I looked into my past work and pulled out some materials that would help the enquiry; 800m of knotted red ribbon, a ball of hand spun, hand dyed, red wool, black cards and white pens, words and questions.

Week 2 group, which I was part of, had decided to act as agitators for the full duration of the project in order to provoke/create/invite connections to be made with the full spectrum of artists and art practices engaged (including the visitors, students, Uni staff…).

My intervention started on week 1, when invading the space of the gallery allocated to group 1 with a pop up tent and a ‘chock question’; ‘What can art do for the migrants drowning at sea?’ The ‘Agitation’ aimed to stimulate reflection on the social impact of Art, and on social activism as an Art form inside and outside the gallery.

As the occupation of the gallery with the tent continued, other underlying questions surfaced; I placed myself within the tent, reading Gaston Bachelard’s
“ Poetics of Space”(the very book I was ‘accused’ not to have read by a WSA tutor while applying for an MA place, 10 years ago. I was then refused entry to the course). It is no wonder that I entered the exhibition space of the Winchester Gallery, adjacent to WSA, showing a will to fit in the academic frame but under my own terms.

A further layer of enquiry came to me when acting in the space and discovering that I had created a ‘poetic private space’ within the public space of the gallery; a ‘safe’ haven to hide in, if necessary, during the collaboration.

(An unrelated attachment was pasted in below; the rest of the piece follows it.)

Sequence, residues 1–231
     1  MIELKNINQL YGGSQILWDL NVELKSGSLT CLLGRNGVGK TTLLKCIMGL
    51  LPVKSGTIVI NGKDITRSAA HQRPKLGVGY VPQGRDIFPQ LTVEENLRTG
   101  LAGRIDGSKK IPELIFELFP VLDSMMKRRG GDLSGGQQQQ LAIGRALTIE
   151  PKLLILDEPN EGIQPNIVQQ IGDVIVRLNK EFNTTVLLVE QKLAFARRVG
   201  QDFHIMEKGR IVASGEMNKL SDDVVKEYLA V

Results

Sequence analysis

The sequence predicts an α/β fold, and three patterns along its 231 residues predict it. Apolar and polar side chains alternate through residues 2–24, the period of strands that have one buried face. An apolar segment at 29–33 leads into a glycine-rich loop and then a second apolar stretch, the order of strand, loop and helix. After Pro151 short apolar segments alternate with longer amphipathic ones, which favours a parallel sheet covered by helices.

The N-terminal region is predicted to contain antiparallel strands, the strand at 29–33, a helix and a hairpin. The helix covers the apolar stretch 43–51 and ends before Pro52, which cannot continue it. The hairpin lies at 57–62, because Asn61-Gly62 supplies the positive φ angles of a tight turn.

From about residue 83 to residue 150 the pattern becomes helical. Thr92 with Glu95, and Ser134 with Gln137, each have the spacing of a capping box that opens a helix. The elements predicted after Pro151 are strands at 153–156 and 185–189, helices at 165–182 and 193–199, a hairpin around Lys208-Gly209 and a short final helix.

The inside of the tent became a parallel imaginary world within which I could plot, listen to others, hide and change character. By week 2, the tent had become a changing room for a set of experimental characters to emerge from.

The tent intended to make us all reflect on our own practice, brought in as a performance, I left it in the space as an installation to invite interaction. Unexpected interaction happened while I was away in Paris. Lydia Heath invaded the space, and slipped into my costume; the notion of public and private space was again challenged. The threat of being disowned of my work by others triggered a new enquiry; a pure mirror of my own previous invasive act.


Simon Sheikh qualifies art as “a locus of possibilities, of exchange and comparative analysis…a field of alternatives, proposals and models” in his essay “ Pedagogy of the not known”. (mentioned by Elizabeth Fisher in her book On Not knowing How Artists Think, p.12)








“The Ship of Fools”
On entering the space left by group 1, I discovered Isaac Withcoombes words; “Port, Starboard, Bow… analogy to his reference of us as embarking on the “Ship of Fools”, on a voyage of discovery motivated by the “not-Knowing” as referred by Elizabeth Fisher in her introduction of her book

“ Art draws us into a space of not knowing, a space of thinking in the widest possible sense, in which to test what it means to be in the world”.